One reason that China may wish to have an advanced PBR regime could be the growth of its own domestic research capacity in this important area. In 2018, China was “the top destination for plant variety applications,” receiving over a quarter of filings worldwide. Not only did China receive the most applications, but Chinese nationals also filed the most applications worldwide. A record high of >20,000 plant variety applications were filed worldwide that year, driven primarily by China. Applications in China grew by an astounding 29% in 2018, driven almost exclusively by domestic filings (this mirrors the Chinese patent system, which is also primarily used by domestic applicants). In contrast, applications in the US and EU grew by only ~3-4% in 2018, and the worldwide growth rate was ~9%. That being said, this surge is fairly recent, and the US and EU still outrank China in terms of number of active titles. But note that this source includes both PVPs and plant patents in the U.S. tallies. It is unclear why the US numbers do not include utility patents on plants (though it may be due to difficulty in data collection; unlike PVPs and plant patents, not all utility patents are directed to plants), but the US total would be even higher if it did. Considering just PVP rights, in 2018 there were 7,521 active titles in the US.

If China adopts its proposed amendments, then filings in China may also increase due to increased foreign applications, as well as stimulating foreign investment in China in this sector. Thus, activity in the Chinese plant variety protection offices will likely continue to dwarf that in the US.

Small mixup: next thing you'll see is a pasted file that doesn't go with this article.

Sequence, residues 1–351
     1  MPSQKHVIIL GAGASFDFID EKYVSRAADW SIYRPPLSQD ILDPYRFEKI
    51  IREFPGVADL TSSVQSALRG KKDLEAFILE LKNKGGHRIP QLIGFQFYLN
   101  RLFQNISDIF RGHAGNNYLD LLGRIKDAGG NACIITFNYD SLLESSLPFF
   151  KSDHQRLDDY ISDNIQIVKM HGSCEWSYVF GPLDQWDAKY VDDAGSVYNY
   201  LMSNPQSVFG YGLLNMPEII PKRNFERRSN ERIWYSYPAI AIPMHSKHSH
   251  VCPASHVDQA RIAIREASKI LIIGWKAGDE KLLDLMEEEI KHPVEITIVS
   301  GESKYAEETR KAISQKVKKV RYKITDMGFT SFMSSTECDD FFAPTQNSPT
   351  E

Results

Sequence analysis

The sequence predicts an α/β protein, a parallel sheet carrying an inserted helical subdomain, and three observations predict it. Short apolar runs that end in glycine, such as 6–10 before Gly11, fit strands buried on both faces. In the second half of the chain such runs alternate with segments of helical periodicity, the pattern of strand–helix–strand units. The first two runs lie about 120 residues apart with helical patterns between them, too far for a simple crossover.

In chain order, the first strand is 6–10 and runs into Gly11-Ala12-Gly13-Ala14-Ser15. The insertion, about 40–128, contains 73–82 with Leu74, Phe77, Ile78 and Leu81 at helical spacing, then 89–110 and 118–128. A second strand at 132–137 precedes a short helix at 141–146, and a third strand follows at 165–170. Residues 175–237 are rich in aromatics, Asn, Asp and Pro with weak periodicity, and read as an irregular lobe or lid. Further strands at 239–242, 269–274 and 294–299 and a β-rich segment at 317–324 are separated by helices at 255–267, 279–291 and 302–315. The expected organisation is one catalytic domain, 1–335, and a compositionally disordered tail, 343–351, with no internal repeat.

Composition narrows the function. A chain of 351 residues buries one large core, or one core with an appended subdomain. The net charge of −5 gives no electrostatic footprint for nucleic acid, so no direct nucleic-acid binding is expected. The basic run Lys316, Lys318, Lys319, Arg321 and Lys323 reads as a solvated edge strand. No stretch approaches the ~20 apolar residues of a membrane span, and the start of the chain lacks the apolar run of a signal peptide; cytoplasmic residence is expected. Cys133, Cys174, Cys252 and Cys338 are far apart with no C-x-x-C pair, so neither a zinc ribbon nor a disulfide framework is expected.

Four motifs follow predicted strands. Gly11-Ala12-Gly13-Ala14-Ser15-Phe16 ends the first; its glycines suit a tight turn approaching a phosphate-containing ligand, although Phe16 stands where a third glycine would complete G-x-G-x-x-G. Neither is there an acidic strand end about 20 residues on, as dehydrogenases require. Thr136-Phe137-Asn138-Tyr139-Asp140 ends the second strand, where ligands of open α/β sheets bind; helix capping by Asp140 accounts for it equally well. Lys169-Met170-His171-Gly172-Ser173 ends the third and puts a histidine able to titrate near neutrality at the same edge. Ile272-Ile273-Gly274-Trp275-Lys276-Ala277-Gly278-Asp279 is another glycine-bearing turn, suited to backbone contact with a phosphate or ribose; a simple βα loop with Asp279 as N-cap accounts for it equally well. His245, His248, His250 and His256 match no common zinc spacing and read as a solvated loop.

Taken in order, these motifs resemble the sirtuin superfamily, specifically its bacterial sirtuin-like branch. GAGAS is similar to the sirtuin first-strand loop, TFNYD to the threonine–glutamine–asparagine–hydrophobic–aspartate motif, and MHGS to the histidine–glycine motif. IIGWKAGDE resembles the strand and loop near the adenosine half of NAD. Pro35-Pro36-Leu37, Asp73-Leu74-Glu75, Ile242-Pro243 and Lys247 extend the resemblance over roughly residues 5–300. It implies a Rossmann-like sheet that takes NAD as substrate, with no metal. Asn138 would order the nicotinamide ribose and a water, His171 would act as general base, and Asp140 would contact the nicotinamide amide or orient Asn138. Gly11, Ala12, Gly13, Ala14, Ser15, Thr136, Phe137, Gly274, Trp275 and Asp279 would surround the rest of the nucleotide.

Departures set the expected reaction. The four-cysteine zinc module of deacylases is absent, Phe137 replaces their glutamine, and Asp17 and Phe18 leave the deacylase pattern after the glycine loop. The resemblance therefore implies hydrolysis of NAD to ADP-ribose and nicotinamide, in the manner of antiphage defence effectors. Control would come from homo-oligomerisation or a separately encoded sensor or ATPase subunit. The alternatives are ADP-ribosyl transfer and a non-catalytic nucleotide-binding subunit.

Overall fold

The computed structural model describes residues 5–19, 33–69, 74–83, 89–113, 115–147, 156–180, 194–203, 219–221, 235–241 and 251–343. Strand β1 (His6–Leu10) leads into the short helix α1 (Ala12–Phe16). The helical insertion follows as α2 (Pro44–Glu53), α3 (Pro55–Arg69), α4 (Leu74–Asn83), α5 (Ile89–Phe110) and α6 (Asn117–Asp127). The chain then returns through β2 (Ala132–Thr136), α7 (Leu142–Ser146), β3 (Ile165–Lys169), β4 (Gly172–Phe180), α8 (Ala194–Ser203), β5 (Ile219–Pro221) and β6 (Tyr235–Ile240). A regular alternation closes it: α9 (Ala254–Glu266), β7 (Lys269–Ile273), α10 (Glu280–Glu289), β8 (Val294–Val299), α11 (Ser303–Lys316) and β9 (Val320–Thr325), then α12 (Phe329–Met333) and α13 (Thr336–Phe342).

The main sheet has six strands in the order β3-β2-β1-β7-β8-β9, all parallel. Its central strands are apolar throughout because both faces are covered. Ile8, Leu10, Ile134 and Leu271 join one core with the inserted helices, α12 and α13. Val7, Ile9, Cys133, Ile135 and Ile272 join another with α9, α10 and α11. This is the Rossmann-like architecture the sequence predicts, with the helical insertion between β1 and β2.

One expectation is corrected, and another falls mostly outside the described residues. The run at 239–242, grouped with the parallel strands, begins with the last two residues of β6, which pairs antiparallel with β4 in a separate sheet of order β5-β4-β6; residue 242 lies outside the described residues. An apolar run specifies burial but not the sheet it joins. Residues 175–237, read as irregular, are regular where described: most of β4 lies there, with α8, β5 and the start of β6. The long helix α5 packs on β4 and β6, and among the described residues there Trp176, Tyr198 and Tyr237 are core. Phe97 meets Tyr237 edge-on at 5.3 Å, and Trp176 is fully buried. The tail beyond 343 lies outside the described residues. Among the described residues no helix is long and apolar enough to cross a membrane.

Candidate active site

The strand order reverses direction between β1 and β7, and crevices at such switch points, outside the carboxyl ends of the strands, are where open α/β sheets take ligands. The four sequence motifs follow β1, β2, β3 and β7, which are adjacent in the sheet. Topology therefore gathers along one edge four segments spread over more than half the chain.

More Thorough Plant Variety Protection Guidance from Chinese Litigation than U.S. Litigation

There is significantly more PBR litigation in China than in the US. As of November, 2019, there have been at least 338 Chinese cases referencing the Regulations (华人民共和国植物新品种保护条例). At least 18 of these cases discuss molecular markers (分子检测). Although China is a civil law system where cases do not create binding precedent, for the past decade the Chinese Supreme People’s Court (SPC) has issued “guiding cases” that are “intended to be de facto binding decisions” to guide lower courts’ decisions in similar cases. The SPC has issued several guiding cases on PBRs. Stanford University Law School has also initiated a “China Guiding Cases Project” which provides a platform for research on these judicial developments.

Two guiding cases have discussed molecular markers specifically. These cases, discussed below, reveal that the SPC embraces the use of molecular markers—but is wary of overreliance thereon, and is careful to balance genetic results with observations from field trials.

In Guiding Case No. 2633, the SPC denied retrial after a lower court found non-infringement when there were no genetic differences between the varieties at issue, but there were phenotypic differences during field trials. In reaching this decision, the SPC noted that the genetic testing only assessed 40 locations in the genome, which does “not necessarily correspond to the traits” observed in phenotypic field tests.

Guiding Case No. 92 was essentially the reverse situation: the SPC found infringement when markers revealed a single genetic difference but field tests showed no phenotypic differences. In doing so, the SPC formulated a technical balancing test for reconciling field and genetic tests that tempers over-reliance on molecular markers.